Application of black soft pastel on the rug and chalk on the wall

Next, I added the final ‘layer’ of main colours; I used brown and black conte sticks for the wooden flooring, using a wash over them to smooth the surface. I then used ink for the black cupboard to the far left of the piece, black acrylic marker for the fireplace surround, charcoal for the actual pieces of charcoal in the fire and a tea-staining wash over the tracing paper replicating the marble surround. I was happy with all aspects of the base layers besides the creasing of the tracing paper, which I was deeply disappointed in. I tried to think of a way to smooth this out and considered using PVA, but thought I had used this rather a lot already and should try something else. I just could not decide what that something else should be.

Application of ink, acrylic marker, brown conte stick and charcoal

My next and final task for this piece was to add in the shadows where seen in my original photograph (since some time had passed since then) and to try and create some depth in places by adding highlights where needed.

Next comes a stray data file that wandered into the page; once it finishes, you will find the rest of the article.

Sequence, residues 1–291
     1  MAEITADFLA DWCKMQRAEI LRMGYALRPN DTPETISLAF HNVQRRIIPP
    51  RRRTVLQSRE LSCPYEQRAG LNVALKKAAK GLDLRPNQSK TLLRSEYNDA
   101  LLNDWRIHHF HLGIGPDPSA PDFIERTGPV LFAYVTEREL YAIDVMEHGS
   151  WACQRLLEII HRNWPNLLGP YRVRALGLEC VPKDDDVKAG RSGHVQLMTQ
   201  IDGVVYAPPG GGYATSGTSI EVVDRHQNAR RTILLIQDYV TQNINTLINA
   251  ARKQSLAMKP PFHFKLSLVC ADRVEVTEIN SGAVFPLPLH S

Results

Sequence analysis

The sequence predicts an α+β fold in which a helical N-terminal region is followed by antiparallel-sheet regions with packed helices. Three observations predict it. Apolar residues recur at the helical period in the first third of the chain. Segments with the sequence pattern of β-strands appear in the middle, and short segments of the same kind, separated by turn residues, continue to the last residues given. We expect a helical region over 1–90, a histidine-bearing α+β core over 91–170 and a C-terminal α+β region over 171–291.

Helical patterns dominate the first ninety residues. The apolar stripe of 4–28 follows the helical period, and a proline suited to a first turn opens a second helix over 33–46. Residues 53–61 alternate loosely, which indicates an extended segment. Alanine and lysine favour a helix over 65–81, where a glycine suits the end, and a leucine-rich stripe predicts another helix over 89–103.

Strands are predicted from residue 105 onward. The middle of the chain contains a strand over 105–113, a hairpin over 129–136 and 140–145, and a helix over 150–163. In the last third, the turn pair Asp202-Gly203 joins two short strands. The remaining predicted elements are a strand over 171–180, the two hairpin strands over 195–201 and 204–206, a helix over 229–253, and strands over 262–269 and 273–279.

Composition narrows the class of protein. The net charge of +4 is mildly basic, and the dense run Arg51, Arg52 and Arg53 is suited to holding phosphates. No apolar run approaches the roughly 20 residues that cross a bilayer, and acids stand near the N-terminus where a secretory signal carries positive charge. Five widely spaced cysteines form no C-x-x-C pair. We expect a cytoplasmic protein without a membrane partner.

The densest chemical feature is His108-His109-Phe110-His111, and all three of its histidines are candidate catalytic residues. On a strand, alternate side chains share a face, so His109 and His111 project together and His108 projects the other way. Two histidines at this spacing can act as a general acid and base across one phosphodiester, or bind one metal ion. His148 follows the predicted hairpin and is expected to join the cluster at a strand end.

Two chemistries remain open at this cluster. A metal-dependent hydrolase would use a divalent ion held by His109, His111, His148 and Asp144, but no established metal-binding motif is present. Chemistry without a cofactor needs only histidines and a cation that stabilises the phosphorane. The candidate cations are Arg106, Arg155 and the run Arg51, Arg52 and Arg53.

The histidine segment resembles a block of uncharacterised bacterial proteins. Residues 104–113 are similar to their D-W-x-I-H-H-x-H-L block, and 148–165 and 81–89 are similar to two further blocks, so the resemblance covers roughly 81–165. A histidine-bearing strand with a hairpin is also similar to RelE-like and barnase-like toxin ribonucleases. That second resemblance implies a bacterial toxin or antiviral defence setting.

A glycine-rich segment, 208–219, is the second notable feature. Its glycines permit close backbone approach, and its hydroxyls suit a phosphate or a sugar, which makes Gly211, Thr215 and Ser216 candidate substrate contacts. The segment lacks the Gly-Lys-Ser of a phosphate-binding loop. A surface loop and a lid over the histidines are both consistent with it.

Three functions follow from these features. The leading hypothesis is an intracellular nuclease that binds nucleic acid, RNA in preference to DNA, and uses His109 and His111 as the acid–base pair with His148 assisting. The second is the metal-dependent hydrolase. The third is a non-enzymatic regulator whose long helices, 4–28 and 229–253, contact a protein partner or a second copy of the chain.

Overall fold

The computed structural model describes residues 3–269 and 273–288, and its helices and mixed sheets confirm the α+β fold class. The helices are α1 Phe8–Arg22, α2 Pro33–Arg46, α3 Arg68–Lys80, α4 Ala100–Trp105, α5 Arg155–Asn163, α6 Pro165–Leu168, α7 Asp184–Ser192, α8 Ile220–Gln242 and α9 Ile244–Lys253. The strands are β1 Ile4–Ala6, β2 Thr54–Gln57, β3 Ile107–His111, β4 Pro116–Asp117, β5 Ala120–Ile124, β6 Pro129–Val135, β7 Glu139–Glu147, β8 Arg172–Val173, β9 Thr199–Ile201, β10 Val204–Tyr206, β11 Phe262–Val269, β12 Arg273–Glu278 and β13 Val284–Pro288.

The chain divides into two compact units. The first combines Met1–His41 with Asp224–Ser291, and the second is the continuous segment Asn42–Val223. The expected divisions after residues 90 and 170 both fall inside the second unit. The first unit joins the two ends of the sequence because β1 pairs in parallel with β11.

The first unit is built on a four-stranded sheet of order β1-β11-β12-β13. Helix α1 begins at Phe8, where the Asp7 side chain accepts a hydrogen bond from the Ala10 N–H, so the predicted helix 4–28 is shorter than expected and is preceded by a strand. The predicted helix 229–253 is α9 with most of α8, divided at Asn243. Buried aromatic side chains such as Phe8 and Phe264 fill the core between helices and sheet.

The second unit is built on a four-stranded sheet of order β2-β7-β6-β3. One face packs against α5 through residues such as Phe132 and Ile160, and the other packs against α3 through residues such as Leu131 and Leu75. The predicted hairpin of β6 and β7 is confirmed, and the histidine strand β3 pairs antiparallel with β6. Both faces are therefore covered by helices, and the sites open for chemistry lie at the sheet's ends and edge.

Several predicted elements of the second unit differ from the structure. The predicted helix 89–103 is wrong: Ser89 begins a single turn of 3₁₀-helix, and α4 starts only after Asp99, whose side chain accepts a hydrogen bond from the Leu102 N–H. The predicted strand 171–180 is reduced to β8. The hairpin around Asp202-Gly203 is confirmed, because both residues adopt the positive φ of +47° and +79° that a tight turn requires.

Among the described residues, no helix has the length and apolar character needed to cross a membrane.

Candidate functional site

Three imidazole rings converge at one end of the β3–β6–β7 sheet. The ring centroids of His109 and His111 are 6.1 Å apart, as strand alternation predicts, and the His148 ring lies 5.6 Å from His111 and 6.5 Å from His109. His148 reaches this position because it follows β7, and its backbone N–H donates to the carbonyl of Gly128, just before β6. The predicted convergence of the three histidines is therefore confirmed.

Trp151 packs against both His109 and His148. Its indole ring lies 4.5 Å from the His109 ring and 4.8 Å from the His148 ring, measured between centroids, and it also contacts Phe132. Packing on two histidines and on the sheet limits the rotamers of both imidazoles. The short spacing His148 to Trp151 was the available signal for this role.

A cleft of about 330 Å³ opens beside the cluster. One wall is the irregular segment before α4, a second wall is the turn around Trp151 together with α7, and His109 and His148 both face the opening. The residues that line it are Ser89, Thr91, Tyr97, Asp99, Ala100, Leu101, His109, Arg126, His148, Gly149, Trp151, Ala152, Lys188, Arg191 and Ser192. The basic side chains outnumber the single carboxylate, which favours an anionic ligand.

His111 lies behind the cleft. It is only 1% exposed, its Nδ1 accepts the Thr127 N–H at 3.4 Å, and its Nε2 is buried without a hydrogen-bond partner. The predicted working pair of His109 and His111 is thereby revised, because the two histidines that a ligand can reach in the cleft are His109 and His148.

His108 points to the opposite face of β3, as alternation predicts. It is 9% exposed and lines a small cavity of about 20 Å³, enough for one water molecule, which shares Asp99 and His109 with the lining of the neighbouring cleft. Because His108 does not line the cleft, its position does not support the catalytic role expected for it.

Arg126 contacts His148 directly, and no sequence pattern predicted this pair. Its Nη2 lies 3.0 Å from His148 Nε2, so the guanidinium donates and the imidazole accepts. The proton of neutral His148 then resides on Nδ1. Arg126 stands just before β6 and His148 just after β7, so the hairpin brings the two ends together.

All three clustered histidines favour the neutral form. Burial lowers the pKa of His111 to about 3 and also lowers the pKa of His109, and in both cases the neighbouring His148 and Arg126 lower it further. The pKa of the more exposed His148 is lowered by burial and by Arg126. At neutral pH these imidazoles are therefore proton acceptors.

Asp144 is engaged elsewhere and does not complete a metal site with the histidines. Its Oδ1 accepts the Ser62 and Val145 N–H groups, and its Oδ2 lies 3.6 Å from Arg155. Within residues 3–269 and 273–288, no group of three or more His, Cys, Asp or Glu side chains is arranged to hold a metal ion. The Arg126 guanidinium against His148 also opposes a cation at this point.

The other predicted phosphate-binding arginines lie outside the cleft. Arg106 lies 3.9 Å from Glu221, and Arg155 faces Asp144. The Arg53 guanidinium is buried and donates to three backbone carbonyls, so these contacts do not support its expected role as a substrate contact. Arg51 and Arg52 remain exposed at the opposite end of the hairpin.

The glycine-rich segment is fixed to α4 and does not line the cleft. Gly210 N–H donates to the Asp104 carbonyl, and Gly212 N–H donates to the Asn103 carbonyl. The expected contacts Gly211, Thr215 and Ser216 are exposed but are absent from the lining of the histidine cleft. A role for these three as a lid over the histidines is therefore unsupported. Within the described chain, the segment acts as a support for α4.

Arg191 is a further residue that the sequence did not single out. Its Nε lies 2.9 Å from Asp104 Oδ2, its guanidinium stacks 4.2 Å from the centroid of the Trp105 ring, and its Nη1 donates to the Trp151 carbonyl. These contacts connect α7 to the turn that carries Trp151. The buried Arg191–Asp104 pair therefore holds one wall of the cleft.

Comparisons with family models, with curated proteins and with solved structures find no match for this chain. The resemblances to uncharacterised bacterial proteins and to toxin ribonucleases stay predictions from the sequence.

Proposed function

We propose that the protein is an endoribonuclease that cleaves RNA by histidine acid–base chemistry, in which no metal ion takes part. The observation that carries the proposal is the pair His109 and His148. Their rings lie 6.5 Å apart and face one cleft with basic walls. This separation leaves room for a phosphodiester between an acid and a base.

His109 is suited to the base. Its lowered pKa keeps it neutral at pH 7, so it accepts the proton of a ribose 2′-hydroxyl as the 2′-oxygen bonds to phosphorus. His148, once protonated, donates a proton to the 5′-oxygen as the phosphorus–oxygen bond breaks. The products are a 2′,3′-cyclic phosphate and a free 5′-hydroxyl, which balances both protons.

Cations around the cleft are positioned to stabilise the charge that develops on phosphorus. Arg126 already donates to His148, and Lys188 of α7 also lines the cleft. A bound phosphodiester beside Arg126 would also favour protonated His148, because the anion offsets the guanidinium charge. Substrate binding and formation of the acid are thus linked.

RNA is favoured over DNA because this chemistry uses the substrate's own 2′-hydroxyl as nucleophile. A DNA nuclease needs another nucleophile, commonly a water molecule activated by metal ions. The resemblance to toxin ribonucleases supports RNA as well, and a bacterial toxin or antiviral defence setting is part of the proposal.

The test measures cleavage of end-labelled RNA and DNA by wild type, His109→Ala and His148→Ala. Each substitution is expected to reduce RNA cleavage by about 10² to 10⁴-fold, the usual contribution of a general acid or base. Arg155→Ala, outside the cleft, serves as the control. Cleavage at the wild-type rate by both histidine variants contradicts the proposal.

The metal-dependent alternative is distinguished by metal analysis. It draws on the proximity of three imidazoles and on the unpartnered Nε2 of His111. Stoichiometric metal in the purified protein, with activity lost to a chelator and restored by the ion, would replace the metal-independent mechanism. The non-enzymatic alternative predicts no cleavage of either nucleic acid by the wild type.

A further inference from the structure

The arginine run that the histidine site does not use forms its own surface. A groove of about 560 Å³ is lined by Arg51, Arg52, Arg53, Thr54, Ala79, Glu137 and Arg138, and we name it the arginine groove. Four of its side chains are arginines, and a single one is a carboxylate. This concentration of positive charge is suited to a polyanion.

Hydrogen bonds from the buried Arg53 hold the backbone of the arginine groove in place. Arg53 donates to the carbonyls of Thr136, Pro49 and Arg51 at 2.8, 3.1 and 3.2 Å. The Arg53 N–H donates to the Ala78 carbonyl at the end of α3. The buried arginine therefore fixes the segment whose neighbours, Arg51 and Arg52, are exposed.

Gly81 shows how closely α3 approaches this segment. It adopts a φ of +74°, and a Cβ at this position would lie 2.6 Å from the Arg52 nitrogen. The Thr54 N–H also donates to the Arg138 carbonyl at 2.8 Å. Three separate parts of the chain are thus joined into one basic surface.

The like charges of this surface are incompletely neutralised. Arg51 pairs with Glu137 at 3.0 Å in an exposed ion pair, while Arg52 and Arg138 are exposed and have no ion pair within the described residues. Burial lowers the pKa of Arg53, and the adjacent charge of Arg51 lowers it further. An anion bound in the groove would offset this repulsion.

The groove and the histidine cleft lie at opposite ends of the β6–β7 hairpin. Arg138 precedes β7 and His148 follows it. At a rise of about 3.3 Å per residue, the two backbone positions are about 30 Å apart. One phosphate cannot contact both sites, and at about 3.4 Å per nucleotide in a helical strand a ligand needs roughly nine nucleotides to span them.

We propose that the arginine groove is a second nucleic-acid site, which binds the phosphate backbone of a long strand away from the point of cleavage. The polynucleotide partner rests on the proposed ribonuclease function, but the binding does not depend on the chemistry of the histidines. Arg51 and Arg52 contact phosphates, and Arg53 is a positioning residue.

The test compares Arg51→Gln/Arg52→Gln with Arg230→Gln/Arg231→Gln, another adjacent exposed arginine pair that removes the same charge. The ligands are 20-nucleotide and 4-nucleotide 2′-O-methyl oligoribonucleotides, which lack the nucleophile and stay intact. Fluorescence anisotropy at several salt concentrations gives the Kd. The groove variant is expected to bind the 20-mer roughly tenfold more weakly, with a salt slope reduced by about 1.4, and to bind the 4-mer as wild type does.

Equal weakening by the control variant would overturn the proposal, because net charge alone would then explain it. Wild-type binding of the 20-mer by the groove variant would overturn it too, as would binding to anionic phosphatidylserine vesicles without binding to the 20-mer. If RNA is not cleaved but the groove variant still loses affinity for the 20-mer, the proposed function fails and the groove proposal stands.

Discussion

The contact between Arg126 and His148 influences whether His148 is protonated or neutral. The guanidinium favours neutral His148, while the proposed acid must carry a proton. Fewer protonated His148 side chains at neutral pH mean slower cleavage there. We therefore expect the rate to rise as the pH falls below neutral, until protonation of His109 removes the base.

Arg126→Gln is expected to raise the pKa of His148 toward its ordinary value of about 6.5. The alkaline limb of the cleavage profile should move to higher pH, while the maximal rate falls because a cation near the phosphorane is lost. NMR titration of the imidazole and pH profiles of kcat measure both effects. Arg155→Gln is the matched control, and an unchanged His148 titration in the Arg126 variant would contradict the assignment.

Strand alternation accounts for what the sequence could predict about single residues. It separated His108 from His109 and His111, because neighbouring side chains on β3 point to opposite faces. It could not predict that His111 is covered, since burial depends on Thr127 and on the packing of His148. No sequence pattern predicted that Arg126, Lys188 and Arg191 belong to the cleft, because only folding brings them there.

Finished piece – Assignment Two


Overall, I am really happy with this piece.  I chose to create a warmer atmosphere in my piece and pulled out the brown hues of the marble to warm the cold, solid blacks in the composition.  I sat in front of my fireplace slightly to the right-hand side to create the view I did.  I took a photograph of this area in the day time as a reference for the darkest tonal areas of shadows and areas of lightest tone, but generally worked from real-life sitting to gain the overall shapes and loosest details of the composition, as well as for the textures.

Having learned some things in this part of the course regarding tone, I tried to stay away from trying to actually draw depth within the piece, but to create it naturally through shadows, highlights and the textures of each object, which I feel worked rather well, especially with regard to the rug and the wooden flooring to the left of it as I get a real feeling that the flooring is beneath the rug, as it should be.

Having already decided my chosen media for each object through the material differences exercise, I was able to apply them rather efficiently, however, I think I would think again before using the tracing paper for the marble effect if I were to redo this piece.  Whilst it has irked me since I completed this section, I decided to leave it be as I actually really like how the light hits it and fragments off from it.  The marble surface itself has small particles within it which seem to reflect the light in very fragmented ways so, whilst it initially bugged me, I finally understood the sentence in this part of the course “…remember that your subject matter might be quite different to your source material” as my source material is definitely different to my subject matter in this sense!